It is estimated that over half of all shipping pallets are not returned to their point of origin after use. This means that the shipper must continuously buy new or used replacement pallets and to a great extent relies on the general circulation of used wooden pallets to provide a supply that is more cost effective than merely the purchasing of an unused new wooden pallet. Relying on this uncertain supply can be costly if a shipper's demand for pallets does not coincide with the arrival of a corresponding supply of used pallets. If a pallet user could rely on a constant supply of inexpensive pallets that did not fluctuate with the availability of recycled used pallets, it would certainly be to his advantage.
Cardboard pallets have been conceived of and utilized for quite some time as an alternative to wooden pallets. Cardboard pallet designs that have been used in the past have solved many of the above described problems associated with wooden pallets.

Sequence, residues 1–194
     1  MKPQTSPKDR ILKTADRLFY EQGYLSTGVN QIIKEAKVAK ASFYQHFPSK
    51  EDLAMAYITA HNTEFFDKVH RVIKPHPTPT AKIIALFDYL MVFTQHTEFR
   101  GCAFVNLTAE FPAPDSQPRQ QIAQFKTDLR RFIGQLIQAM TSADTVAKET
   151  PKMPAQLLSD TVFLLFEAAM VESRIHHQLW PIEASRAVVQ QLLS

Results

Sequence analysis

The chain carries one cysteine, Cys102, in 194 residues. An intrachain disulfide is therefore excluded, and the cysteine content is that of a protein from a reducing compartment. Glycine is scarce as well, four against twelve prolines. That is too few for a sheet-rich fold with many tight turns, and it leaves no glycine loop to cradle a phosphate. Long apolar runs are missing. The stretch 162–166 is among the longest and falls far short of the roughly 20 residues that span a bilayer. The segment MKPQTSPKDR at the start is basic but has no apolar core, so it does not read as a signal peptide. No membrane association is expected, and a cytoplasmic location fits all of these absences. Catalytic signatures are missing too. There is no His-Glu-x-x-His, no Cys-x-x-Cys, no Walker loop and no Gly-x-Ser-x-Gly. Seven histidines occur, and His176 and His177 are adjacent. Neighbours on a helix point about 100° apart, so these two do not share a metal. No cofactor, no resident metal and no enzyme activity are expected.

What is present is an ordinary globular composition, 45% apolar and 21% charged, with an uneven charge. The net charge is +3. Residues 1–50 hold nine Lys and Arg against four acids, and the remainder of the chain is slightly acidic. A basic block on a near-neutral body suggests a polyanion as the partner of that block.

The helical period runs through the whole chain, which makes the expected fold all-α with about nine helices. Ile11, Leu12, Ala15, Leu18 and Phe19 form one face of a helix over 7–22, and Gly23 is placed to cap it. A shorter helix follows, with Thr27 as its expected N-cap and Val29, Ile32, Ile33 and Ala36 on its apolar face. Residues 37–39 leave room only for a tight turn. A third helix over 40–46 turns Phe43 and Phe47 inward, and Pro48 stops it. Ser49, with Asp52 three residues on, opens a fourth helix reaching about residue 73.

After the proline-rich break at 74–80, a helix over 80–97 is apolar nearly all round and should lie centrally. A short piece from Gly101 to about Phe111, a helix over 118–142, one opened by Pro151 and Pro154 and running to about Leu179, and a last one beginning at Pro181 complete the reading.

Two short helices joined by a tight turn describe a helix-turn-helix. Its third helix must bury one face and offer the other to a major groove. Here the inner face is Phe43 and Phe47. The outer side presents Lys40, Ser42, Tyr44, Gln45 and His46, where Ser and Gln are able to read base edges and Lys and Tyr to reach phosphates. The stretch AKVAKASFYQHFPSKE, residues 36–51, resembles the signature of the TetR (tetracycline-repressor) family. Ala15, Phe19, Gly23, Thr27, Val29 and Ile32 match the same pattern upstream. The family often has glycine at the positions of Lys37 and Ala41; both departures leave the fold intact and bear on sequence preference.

Cardboard pallets are typically very cost efficient. The wood pulp that is the basic component of the cardboard material is less expensive than the structural wood components of a typical wooden pallet. Most all cardboard products are recyclable so the raw material for a cardboard pallet could come from recycled sources and the cardboard pallet itself could be recycled.
Cardboard pallets may be used on surfaces that would otherwise be subjected to damage by wooden pallets. Cardboard pallets have a softer impact on both the surfaces they are placed upon and the cargo that is placed upon them.
Cardboard pallets are significantly lighter in weight than wooden pallets of similar size and design. A number of empty cardboard pallets could be easily handled by a single individual and the weight that a cardboard pallet adds to the overall weight of a cargo load is almost insignificant.
Some cardboard pallet designs have the additional capacity to be reused. In the past, the number of use cycles for a cardboard pallet was limited, but optimizing a cardboard pallet's structural integrity can extend the number of use cycles in certain environments.